Research Problem 1
After tracing your family line as far back as possible, you have run into the inevitable brick wall. You should: (a) persevere in your research and hope for an eventual breakthrough; (b) claim that you are a direct lineal descendant of Alexander the Great or King Arthur, acknowledging that your evidence is open to differing interpretations; or (c) give up and accept your failure as a genealogist.
ANSWER: (a), unless you’re like 27 percent of the amateur genealogists posting family trees on the internet, in which case the correct answer is (b).
Research Problem 2
You’ve discovered that one of your late seventeenth-century New England ancestors was hanged for bestiality. You should: (a) dutifully record the unsavory details of the embarrassing episode in your family history manuscript; (b) acknowledge that your ancestor occasionally “clashed with local authorities,” without providing any details; or (c) simply record the date and place of your ancestor’s death and say nothing about the circumstances.
ANSWER: (a), unless your wealthy great aunt (and self-appointed keeper of the family flame) is still alive and you’re counting on an inheritance from her, in which case the correct answer is (c).
Research Problem 3
Over the course of her colorful life, your great-grandmother was married nine times and had children with at least 15 different men. You should: (a) hire a professional genealogist to begin the mind-numbing task of sorting out all of her legitimate and illegitimate offspring, numerous stepchildren, and hordes of descendants; (b) pray that your daughters didn’t inherit your great-grandmother’s genes; or (c) abandon genealogy and take up gardening.
ANSWER: all of the above.
Research Problem 4
You suddenly find that, through no fault of your own, the genealogical data files on your computer have reformatted themselves into a font resembling Cyrillic or Martian. You should: (a) devote the next eighteen months to retyping your files; (b) beat on your hard-drive and monitor with a tire iron; or (c) call one of your grandchildren for assistance.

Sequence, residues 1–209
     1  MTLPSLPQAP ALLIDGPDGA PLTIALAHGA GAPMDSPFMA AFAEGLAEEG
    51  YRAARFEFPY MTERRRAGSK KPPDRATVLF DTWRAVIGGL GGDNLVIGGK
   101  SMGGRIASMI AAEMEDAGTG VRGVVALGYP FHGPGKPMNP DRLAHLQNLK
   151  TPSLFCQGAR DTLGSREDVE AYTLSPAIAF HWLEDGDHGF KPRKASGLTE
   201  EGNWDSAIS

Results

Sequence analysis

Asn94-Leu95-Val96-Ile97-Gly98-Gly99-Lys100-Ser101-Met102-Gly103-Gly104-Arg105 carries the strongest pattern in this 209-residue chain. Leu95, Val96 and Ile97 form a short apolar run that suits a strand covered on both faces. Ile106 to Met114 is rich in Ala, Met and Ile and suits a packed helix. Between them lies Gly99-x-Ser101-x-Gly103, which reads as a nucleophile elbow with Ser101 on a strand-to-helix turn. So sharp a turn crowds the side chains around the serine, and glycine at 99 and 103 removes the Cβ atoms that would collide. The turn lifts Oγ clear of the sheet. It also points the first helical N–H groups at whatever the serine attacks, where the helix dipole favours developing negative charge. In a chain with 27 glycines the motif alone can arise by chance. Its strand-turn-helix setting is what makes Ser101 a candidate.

ANSWER: (c) – although (b) will be immeasurably more satisfying.
Research Problem 5
At large family gatherings, your spouse enjoys pulling out the old family genealogy and entertaining everyone present with amusing descriptions of your various ancestors who were horse thieves or military deserters. You should: (a) smile indulgently and make a feeble joke about hoping you didn’t inherit your ancestors’ DNA; (b) cut the “amusing” entries out of the genealogy with scissors when no one is looking; or (c) consult a good divorce lawyer.
32 thoughts on “Pop quiz”
Much needed! Thank you!
Snarky! I love it. Thanks for the good laugh.
Ha Ha! loved it!!
“If you can’t get rid of the family skeleton, you may as well make it dance.” GB Shaw, Immaturity, 1930. I have this quote on the title page of my genealogies along with a graphic of two skeletons shuffling off to Buffalo. I rather enjoy dragging out all the skeletons. Thanks for this little article. I’ll save it. It made me smile this morning. With regard to question 1 on brick walls, I just write up what I know and what the issues are and leave it at that and hope the relative who considers herself the expert in family history actually gets off her fat butt and solves the problem.
Just the levity we all need right now! Thank you.:)
I love your ‘wicked’ sense of humor on how to deal with some of our relatives ‘wicked’ revelations!
Love it! Wonderful way to start my day. We all need a few giggles. Thank you.
Re. Problem 2, the unnamed reference to my ancestor, William Potter (hanged in New Haven in 1662 for bestiality) was interesting to see. I have not only documented it fully, but I’ve shared it with family members who are interested in the family history. He was hanged almost exactly 2 years after another ancestor, Mary Barrett Dyer (hanged in Boston).
When NEHGS researchers unearthed William Potter for our tree, I know that there was some hesitation about how to best introduce the topic, but that there was never a consideration of not fully sharing the information – just how to broach the topic!
We take the good with the bad in our histories – that’s our role as family historians! Thanks for a fun quiz.